Maybe Coors Light Doesn't Have 'The World’s Most Refreshing Can' After All

Are you on your way to the liquor store to pick up a six-pack of Coors Light because you saw an ad boasting how their cans lock in "Frost Brewed Taste?" Then it might be time to reconsider your decision.

MillerCoors is facing an investigation by the Federal Trade Commission (FTC), who plan to review the accuracy and honesty of claims about their beer cans and packaging in ads placed on television and scattered online.

The National Advertising Division (NAD), the advertising industry's self-regulatory unit, took the unusual step of referring MillerCoors ad claims to the Federal Trade Commission (FTC) after the company declined to participate in a review of the use of terms like  "The World's Most Refreshing Can" and "Locks in Frost Brewed Taste" to describe their cans. In 2012, out of the 111 cases NAD reviewed, only four were sent to the FTC for further investigation.

"This could change everything ... this technological masterpiece will revolutionize barbecues, beach parties and tailgates" touts a video on the Coors Light website.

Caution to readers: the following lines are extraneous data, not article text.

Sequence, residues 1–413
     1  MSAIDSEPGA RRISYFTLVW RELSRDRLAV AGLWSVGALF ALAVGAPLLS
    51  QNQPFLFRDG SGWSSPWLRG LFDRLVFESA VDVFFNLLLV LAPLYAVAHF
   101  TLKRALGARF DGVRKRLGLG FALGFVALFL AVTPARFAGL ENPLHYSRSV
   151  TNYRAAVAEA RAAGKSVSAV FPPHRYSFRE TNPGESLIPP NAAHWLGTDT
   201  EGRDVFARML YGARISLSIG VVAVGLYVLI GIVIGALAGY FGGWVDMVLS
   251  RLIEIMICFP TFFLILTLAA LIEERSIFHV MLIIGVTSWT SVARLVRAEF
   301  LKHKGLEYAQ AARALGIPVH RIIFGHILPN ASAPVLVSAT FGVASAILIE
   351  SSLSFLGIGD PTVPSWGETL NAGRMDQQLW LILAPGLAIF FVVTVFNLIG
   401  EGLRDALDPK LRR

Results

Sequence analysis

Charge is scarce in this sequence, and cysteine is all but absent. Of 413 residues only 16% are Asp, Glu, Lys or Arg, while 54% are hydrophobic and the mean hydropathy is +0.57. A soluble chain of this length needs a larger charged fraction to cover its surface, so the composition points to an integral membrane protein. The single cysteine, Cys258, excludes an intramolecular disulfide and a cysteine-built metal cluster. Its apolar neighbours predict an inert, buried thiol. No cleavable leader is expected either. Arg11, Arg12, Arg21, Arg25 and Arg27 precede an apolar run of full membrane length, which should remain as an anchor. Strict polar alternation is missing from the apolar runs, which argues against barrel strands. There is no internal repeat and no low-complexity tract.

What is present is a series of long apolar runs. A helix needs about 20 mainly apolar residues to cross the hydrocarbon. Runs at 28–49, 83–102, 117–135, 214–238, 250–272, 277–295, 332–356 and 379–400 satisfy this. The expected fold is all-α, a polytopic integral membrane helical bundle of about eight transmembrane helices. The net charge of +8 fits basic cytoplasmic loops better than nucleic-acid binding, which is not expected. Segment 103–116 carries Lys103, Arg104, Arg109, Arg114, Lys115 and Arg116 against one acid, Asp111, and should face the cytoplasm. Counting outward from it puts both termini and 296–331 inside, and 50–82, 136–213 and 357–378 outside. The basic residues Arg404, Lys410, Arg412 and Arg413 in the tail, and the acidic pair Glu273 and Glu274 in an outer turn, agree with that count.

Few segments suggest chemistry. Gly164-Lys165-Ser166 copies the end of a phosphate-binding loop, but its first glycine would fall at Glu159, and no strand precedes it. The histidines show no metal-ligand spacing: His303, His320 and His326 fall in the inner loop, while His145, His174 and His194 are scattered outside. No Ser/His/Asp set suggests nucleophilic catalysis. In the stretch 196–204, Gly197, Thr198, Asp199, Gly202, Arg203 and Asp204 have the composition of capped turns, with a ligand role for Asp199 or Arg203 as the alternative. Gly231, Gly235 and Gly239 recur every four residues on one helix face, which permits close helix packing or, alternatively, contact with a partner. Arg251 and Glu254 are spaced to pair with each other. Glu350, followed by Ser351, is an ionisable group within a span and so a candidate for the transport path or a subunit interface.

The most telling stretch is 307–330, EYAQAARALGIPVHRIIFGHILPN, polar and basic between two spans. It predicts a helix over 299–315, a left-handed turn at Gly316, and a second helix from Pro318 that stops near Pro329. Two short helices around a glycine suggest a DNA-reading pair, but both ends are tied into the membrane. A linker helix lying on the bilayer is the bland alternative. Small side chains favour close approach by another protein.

MillerCoors has characterized the investigation as "frivolous," and defended the claims made in their ad campaigns as either puffery or literally truthful. Regardless, they say their "World's Most Refreshing Can" ads will be permanently discontinued by the end of September.

Competitor Anheuser-Busch, who initially challenged MillerCoors' claims, support the referral of its challenge to the FTC.

"A-B believes in the self-regulatory process and we are pleased that the NAD is escalating the claim," Anheuser-Busch said in a statement. "The NAD has referred our claim to the FTC because MillerCoors has chosen not to participate in the self-regulatory process."

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